Many of the parents I work with on sleep problems are feeling stuck—their child has a stubborn sleep problem that seems unfixable, and they feel powerless to correct it.
Two of the most common examples are kids who start the day painfully early in the morning (like 4 a.m.) are kids who resist bedtime for hours on end, finally falling asleep after 11 p.m.
These parents feel stuck because no matter what they do, they cannot seem to get their child to sleep later in the morning, or go to bed on time. They try lullabies and white noise, install room-darkening blinds, up their child’s calorie intake, and nothing works. Understandably, their problem-solving revolves around their child’s “witching hour,” whether it happens to be 4 a.m. or 9 p.m.
They focus on this unpleasant part of their day during which they seem to be completely unable to control what happens—anyone who has tried to get an unwilling toddler to go back to sleep at 4:30 a.m. knows this powerless feeling. Unfortunately, that type of tunnel vision often prevents parents from seeing what they can do to help their child move past their problem.
Focusing on feeling powerless isn’t fun, and it’s not a fruitful way to work toward solutions. What I tell these parents to do is lose the micro-focus on that one part of their child’s schedule—those groggy hours in the early morning, or the awful hours after bedtime. Instead, flip it—focus on the opposite end of your child’s sleep routine, the part that you can control. For early wakers, that’s bedtime. For bedtime-haters, that’s wake-up time.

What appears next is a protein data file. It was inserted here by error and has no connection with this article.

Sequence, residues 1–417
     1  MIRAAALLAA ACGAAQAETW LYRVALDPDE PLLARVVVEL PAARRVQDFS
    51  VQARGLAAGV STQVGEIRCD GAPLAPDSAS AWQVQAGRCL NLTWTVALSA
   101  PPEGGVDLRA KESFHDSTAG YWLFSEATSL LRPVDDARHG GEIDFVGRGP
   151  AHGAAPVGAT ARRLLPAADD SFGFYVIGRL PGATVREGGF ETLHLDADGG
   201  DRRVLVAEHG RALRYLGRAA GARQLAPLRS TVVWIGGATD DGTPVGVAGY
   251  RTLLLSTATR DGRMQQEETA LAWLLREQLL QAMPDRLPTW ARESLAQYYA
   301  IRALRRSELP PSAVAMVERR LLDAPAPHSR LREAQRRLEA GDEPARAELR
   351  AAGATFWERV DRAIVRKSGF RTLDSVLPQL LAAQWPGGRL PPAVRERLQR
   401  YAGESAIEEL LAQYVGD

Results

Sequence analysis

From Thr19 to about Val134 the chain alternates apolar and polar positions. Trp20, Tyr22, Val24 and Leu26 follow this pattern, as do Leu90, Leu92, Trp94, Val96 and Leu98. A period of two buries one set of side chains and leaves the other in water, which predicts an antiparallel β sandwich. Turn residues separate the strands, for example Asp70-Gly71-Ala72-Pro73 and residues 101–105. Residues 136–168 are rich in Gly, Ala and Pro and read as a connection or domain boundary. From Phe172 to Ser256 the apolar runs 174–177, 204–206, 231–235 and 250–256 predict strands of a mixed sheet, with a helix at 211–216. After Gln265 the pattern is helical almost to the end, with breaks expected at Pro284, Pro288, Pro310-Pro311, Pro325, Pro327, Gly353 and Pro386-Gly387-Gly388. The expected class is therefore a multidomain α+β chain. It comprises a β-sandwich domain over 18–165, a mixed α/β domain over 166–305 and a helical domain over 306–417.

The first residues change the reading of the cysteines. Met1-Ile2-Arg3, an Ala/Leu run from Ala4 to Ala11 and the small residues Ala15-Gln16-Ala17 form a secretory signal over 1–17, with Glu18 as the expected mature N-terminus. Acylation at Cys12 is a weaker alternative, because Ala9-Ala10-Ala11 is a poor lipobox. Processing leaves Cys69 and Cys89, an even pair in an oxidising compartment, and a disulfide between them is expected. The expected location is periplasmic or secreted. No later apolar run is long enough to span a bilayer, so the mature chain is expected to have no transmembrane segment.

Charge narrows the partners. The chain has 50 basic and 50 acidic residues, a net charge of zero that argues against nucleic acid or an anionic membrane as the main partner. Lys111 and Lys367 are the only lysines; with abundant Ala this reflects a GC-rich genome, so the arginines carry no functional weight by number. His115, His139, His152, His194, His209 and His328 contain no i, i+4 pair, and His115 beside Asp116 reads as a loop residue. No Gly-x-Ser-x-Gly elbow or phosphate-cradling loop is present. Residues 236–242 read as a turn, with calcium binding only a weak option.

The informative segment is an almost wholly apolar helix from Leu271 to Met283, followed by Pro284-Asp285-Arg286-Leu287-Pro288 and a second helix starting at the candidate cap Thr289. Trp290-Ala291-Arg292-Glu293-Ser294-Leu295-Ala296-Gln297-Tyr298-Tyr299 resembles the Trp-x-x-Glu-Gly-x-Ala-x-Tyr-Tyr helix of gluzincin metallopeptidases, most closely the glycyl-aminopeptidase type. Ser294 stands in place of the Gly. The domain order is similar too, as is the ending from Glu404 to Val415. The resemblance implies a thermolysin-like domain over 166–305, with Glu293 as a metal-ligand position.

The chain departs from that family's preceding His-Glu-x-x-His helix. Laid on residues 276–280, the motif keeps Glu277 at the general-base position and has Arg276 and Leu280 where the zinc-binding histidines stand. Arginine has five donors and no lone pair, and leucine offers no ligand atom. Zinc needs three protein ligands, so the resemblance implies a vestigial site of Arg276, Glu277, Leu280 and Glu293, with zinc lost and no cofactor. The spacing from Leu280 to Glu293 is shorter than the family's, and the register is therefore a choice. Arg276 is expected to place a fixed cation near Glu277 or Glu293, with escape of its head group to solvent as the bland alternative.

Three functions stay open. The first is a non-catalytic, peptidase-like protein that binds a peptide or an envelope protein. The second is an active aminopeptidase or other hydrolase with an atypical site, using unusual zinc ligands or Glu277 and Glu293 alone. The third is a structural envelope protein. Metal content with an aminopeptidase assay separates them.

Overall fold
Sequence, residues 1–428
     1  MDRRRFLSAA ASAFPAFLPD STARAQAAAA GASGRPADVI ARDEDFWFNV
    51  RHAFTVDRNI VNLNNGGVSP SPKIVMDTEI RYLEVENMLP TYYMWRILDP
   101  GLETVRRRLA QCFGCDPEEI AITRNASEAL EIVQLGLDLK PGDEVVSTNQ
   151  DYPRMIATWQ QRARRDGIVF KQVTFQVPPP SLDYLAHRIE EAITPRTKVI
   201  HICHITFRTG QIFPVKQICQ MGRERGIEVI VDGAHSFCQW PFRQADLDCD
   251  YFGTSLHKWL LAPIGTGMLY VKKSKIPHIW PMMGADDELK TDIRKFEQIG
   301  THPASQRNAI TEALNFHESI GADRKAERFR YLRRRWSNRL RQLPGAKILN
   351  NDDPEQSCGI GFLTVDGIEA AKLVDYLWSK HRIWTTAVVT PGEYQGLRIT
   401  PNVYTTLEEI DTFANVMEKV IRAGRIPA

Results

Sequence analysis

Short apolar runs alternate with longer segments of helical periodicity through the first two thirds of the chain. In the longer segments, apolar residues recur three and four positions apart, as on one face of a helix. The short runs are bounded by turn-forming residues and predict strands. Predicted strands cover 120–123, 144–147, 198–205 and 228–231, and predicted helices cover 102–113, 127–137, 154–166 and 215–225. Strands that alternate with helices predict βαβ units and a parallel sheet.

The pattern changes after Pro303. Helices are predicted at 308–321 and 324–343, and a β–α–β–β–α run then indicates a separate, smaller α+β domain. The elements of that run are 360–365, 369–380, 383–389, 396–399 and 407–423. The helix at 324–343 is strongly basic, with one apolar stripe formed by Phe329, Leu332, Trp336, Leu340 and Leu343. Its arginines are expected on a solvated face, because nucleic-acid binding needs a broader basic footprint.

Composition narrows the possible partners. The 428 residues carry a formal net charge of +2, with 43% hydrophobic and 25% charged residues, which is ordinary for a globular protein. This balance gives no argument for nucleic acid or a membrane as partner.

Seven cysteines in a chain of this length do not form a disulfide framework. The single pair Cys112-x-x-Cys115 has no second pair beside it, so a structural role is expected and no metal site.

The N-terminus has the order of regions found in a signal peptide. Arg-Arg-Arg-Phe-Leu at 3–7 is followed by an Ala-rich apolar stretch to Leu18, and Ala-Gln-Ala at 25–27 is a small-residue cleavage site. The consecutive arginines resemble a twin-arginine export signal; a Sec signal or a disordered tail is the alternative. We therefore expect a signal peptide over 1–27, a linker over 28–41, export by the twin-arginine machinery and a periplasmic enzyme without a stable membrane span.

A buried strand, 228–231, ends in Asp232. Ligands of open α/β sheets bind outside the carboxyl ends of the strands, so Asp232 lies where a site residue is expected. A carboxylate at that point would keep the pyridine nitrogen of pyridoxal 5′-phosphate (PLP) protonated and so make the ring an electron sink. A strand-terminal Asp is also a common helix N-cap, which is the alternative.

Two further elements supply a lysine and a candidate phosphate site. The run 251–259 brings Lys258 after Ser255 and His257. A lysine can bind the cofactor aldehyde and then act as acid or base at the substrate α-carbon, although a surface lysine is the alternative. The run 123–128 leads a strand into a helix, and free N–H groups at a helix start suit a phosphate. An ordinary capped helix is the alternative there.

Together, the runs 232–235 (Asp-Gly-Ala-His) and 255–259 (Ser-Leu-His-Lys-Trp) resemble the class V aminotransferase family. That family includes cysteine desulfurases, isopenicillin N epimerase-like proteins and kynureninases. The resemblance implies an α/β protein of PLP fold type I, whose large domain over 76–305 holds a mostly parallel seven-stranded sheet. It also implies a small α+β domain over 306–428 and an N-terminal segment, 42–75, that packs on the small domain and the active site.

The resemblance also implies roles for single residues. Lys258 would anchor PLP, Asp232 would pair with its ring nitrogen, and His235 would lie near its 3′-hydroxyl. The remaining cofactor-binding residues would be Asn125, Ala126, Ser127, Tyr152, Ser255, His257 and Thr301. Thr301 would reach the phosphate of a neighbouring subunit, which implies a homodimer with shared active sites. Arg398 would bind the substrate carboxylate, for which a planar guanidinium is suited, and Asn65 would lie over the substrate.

So for a child waking at 4 a.m., this means that instead of focusing on forcing a not-tired child back to bed in the early morning, you focus on the flip side of her sleep schedule: Her bedtime. A child waking at 4 a.m. either needs an earlier bedtime or a later one. How do you figure out which? By tracking her sleep and using behavioral cues, which I describe in detail in my e-book “Ready, Set, Sleep: 50 Ways to Help Your Child Sleep, So You Can Sleep Too.”
Likewise, when bedtime’s a battle, parents sometimes throw up their hands and say “There’s nothing I can do!” There is. By setting an appropriate wake-up time, you’ll help program your child’s body clock and pave the way for easier bedtimes. Again, this topic is covered in detail in RSS.
So when you’re stuck and feeling powerless over your child’s sleep, lose the micro-focus. Flip the problem by looking at the other end of your child’s sleep routine, and see if the solution doesn’t pop out at you.